Eric Albert says I got the Apple/Other World Computing DVD story wrong (thanks to Dave Winer for the link). Eric says Apple was right to invoke the Digital Millennium Copyright Act because Other World Computing was distributing a “patch” to Apple’s iDVD software, and therefore Apple was protecting the copyright on its software.
Well, based on the original CNET story I think I need to stand by my interpretation. (I can find no other coverage — anyone else see more details elsewhere?) If Other World’s product was actually a modified version of iDVD, if Other World was itself redistributing Apple’s software, then Apple has a case that Other World was violating its copyright (though not that Other World was violating the DMCA — see below). But that’s not what a “patch” typically is; usually it’s a piece of code that a user installs that modifies how a program functions.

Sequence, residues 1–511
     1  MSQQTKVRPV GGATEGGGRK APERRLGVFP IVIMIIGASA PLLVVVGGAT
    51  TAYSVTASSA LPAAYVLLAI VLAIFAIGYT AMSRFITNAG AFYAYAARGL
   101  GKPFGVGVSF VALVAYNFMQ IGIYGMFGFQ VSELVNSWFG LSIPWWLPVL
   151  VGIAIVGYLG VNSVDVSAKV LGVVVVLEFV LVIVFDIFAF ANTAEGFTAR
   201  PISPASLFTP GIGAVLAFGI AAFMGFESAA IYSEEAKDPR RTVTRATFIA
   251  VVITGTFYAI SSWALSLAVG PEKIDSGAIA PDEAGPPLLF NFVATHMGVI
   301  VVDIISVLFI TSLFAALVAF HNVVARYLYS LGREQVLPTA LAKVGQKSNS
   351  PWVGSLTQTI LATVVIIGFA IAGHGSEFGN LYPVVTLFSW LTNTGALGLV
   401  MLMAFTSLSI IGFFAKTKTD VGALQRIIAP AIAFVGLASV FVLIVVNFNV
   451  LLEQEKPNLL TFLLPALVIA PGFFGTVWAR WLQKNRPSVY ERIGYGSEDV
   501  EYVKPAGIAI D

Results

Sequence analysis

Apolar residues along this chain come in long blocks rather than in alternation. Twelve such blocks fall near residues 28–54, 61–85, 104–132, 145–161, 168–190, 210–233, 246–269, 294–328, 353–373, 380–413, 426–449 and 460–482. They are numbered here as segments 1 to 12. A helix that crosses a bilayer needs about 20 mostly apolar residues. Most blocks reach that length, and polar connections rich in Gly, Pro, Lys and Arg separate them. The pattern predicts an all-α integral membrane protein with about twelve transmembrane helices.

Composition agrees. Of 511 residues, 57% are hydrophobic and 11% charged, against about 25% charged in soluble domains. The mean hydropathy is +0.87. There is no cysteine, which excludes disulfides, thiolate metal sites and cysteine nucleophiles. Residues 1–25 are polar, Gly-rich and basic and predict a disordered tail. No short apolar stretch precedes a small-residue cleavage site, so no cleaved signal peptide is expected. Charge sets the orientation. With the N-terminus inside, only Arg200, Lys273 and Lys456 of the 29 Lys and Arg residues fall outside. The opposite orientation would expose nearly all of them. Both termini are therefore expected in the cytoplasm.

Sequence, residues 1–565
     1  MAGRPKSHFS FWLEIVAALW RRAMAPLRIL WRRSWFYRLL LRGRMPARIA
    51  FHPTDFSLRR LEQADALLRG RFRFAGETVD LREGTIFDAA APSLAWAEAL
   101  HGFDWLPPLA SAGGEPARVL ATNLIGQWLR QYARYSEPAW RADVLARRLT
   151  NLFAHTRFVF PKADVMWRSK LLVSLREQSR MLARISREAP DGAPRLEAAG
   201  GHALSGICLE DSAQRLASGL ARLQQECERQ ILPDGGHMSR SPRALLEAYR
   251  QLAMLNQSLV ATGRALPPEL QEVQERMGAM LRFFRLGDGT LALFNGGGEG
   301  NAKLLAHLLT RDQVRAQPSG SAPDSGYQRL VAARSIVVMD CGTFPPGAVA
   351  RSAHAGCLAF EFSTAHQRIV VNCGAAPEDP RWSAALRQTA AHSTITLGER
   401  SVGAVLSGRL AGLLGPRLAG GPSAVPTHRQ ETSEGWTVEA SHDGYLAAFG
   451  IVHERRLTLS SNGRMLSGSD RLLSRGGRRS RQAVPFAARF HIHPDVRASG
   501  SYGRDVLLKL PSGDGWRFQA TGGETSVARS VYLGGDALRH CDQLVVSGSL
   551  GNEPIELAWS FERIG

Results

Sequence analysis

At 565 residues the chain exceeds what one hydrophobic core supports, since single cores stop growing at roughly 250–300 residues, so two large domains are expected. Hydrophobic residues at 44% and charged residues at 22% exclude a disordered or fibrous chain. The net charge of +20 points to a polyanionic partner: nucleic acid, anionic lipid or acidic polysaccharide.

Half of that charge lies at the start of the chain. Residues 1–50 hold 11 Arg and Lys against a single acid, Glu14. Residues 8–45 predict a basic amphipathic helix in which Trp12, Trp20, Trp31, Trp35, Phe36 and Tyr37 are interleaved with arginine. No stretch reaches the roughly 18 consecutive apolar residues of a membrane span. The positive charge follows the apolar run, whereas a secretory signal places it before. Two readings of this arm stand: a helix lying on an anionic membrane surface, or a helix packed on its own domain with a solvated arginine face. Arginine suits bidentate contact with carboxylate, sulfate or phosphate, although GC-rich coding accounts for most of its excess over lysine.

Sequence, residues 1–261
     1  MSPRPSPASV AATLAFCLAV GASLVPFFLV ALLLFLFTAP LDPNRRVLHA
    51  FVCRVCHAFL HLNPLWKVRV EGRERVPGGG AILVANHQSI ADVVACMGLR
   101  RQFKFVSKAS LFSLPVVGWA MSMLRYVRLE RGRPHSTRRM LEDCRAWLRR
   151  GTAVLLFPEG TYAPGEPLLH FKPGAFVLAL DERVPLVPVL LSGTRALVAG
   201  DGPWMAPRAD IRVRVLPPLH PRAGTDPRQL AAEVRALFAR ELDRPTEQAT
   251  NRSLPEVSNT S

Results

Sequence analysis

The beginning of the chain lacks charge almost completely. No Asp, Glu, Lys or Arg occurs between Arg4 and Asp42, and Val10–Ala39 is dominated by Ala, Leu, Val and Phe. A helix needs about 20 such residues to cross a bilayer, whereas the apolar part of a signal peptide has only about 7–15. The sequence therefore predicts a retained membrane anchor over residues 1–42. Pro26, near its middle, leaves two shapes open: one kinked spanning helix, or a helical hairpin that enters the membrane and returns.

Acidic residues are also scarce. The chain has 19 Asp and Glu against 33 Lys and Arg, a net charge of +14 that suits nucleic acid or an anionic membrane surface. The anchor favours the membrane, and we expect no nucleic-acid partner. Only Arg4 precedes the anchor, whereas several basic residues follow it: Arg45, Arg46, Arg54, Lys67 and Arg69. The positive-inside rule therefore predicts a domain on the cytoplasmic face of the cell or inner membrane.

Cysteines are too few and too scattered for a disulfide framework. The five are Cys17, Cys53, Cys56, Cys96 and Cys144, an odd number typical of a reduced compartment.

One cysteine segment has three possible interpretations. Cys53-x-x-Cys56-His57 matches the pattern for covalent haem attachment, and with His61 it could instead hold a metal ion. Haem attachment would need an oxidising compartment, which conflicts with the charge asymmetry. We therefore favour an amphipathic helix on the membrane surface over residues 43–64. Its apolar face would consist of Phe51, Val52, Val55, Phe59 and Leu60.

If Other World was distributing a separate piece of software that users can install that interacts with iDVD then I don’t see how this violates Apple’s copyright. If that’s a violation of the DMCA then every single software “add-on”, every single software program that interacts with another software program, is in violation of the DMCA. And that’s patently absurd. But this is the kind of craziness the DMCA is moving us towards.
In any case, the DMCA doesn’t prohibit companies from distributing software that modifies how another company’s software works. The language used outlaws anything that “is primarily designed or produced for the purpose of circumventing protection afforded by a technological measure that effectively protects a right of a copyright owner.” In other words, DMCA wants to stop you from creating a tool that’s primarily for the purpose of circumventing copyright protection technology. There is no way under the sun that Other World’s iDVD patch falls under that prohibition.